Your pattern is rooted in unhealed emotional wounds
originating from unresolved emotional experiences.
If the same type of people and situations keep showing up in your life whether it's with friends, co-workers or romantic partners, it’s a sign you might be recreating relationship dynamics from your past and unconsciously replaying your past programming. Usually, these dynamics revolve around themes of power, lack of trust or abandonment.
“We acquire limiting beliefs through a family of origin (the family unit you grew up in), early romantic relationships, friendships, or the school environment, and then we play them out in the future because we have been conditioned to do so on a deep subconscious level.”
Maybe you grew up in a strict or controlling environment, and any attempts to think for yourself were squelched.
Perhaps you were not allowed to question authority or whenever you did you would face dire consequences.
Possibly you never felt like you belonged or measured up to expectations placed on you.
Or maybe others made you feel ashamed of who were.
Perhaps during your formative years, you had to abide by an unspoken rule that certain qualities or emotions were not to be expressed.
Getting constantly involved with emotionally unavailable people might be a sign of a protective mechanism. It feels safer to keep people at a distance, because deep down you believe that if they get really close, they will get to know the “real imperfect you” and then you will be abandoned.
If you tend to form friendships and relationships with people who aren't caring and supportive, most likely growing up you were deprived of love and belonging you needed, and developed a belief that you don't deserve love. It leads to repeating this dynamic in your adult life, because ironically it’s what is familiar to you.
If in your professional life, you continuously end up working for the same type boss or dissatisfying workplace. Most likely you are transferring dynamics from your family of origin onto authority figures. You keep running into it because it provides a playground for resolving prior hurts and traumas.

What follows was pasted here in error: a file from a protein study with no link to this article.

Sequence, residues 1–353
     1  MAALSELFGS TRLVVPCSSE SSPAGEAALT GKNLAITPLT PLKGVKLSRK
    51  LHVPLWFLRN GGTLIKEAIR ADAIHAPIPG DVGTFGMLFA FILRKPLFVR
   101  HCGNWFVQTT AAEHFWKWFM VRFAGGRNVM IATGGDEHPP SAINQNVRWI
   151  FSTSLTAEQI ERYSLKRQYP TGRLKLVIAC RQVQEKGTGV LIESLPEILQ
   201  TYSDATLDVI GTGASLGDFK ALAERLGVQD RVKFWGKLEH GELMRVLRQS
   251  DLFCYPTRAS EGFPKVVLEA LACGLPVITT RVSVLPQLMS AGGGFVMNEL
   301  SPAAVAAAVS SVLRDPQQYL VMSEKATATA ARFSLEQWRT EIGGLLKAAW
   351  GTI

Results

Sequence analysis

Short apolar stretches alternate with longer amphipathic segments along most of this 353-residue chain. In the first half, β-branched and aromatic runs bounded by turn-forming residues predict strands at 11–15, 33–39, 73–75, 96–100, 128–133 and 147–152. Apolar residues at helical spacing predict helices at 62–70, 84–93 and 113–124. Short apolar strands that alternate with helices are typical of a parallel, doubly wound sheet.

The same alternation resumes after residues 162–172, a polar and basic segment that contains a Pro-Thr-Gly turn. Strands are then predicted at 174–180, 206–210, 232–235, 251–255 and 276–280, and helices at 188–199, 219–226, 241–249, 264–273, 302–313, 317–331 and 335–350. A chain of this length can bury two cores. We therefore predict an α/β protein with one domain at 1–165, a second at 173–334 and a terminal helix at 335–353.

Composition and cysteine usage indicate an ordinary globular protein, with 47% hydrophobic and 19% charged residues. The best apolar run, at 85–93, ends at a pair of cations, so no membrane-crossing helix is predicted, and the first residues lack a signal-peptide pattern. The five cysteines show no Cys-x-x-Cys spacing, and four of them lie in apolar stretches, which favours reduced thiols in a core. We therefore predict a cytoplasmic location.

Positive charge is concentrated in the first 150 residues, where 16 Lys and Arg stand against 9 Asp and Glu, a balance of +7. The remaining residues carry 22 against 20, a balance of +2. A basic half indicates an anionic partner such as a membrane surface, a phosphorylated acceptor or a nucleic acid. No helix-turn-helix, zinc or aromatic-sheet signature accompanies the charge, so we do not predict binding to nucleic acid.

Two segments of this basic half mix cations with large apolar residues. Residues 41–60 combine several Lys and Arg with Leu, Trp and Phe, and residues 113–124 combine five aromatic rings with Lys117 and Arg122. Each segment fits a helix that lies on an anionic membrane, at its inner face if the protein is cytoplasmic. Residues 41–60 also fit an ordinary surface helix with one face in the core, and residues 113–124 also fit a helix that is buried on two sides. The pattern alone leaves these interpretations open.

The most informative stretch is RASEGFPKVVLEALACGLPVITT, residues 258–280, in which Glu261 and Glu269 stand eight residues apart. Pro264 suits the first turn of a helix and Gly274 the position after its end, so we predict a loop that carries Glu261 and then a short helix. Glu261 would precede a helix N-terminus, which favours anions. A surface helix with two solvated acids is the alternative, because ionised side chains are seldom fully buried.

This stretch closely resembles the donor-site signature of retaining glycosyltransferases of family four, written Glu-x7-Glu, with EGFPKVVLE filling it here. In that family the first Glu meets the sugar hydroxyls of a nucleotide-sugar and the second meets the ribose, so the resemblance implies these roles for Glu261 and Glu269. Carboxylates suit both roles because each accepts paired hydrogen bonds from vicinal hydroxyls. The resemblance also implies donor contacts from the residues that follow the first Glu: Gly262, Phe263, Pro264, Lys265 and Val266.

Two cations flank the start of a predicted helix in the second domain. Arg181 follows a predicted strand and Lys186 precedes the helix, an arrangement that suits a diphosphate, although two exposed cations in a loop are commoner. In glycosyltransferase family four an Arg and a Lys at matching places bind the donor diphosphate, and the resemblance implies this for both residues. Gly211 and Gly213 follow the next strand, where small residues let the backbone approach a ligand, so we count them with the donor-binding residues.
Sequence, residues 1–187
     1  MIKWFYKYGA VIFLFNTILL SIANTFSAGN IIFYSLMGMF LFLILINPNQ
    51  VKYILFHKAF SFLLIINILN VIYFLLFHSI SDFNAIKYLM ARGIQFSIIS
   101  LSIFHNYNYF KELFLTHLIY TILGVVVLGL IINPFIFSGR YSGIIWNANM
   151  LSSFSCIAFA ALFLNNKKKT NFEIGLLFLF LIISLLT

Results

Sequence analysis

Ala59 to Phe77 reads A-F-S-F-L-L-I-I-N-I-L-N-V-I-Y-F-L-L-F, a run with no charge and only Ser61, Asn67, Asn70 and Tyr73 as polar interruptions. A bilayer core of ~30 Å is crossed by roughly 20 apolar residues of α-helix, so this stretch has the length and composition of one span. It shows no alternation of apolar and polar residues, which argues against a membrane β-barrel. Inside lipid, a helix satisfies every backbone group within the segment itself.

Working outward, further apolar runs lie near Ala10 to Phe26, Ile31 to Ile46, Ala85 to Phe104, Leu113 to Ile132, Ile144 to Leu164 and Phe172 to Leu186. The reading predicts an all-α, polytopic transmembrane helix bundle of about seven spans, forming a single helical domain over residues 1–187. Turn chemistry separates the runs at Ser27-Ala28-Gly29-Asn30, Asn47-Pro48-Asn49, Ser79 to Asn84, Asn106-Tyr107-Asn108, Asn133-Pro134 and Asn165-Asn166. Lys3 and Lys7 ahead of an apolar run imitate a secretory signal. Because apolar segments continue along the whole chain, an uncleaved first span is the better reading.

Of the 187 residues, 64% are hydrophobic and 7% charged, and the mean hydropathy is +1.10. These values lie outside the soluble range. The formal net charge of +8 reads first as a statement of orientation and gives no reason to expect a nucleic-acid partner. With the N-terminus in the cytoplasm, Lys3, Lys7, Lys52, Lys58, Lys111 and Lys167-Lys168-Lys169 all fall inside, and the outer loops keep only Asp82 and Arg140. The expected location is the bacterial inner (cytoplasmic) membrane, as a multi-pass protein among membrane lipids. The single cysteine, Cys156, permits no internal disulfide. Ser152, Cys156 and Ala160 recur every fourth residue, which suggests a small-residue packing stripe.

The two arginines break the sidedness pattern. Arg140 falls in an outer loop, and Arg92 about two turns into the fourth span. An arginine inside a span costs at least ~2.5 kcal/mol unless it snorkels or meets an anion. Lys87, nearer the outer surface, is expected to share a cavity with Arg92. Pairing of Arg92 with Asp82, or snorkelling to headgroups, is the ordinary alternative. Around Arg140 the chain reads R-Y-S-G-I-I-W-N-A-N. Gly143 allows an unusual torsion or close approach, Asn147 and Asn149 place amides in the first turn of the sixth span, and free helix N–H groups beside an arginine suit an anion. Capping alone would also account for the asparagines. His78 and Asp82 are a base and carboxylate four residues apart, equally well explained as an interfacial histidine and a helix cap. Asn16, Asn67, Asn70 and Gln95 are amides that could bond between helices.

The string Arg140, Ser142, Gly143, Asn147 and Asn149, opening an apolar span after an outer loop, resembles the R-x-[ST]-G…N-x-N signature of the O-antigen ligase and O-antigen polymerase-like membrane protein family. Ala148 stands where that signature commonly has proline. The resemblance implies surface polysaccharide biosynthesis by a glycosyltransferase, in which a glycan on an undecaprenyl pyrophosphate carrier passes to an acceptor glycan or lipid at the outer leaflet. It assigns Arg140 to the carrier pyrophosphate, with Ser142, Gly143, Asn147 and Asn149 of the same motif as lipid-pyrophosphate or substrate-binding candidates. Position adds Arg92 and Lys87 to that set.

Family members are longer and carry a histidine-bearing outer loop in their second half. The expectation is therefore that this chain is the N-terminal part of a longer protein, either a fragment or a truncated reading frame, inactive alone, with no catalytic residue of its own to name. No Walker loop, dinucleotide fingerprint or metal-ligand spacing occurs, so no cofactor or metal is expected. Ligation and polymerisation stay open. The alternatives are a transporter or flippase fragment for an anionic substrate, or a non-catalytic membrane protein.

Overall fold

Practice - Uncover your beliefs
The point of this exercise is to illustrate your hidden beliefs about love and connection and explain why sometimes unhealthy relationship dynamics feel like home to you. (I borrowed this practice from Teal Swan and loved how illuminating it was.)
In a journal or on a sheet of paper draw a line dividing it vertically in half into two columns.
On the left-hand side write on top of the column write “My childhood home was…..” ( you can replace with "My childhood was..."
Next, on the right-hand side, depending what you want to work on, write “Love is…”
In the first column titled “My childhood home was…..” list all the words and adjectives that come to your mind. You want to do a stream of consciousness writing, so your analytical mind does not get in the way. Don’t overthink it! (Word examples: loving, controlling, warm, distant, chaotic, peaceful, confining, demanding, welcoming, cold, rejecting, conditional, etc.)
Now transfer all the words from the first column where you described your childhood home, into the second column and place them underneath the heading “Love is….”
You should have two columns with a list of words underneath each heading. One column titled “My childhood home was…..” and the second one called "Love is..." Now read all the words in the column titled "Love is..." Those words indicate what you unconsciously associate with love or intimacy. Making unconscious conscious will increase your awareness and help you recognize unhelpful situations or people before you engage with them.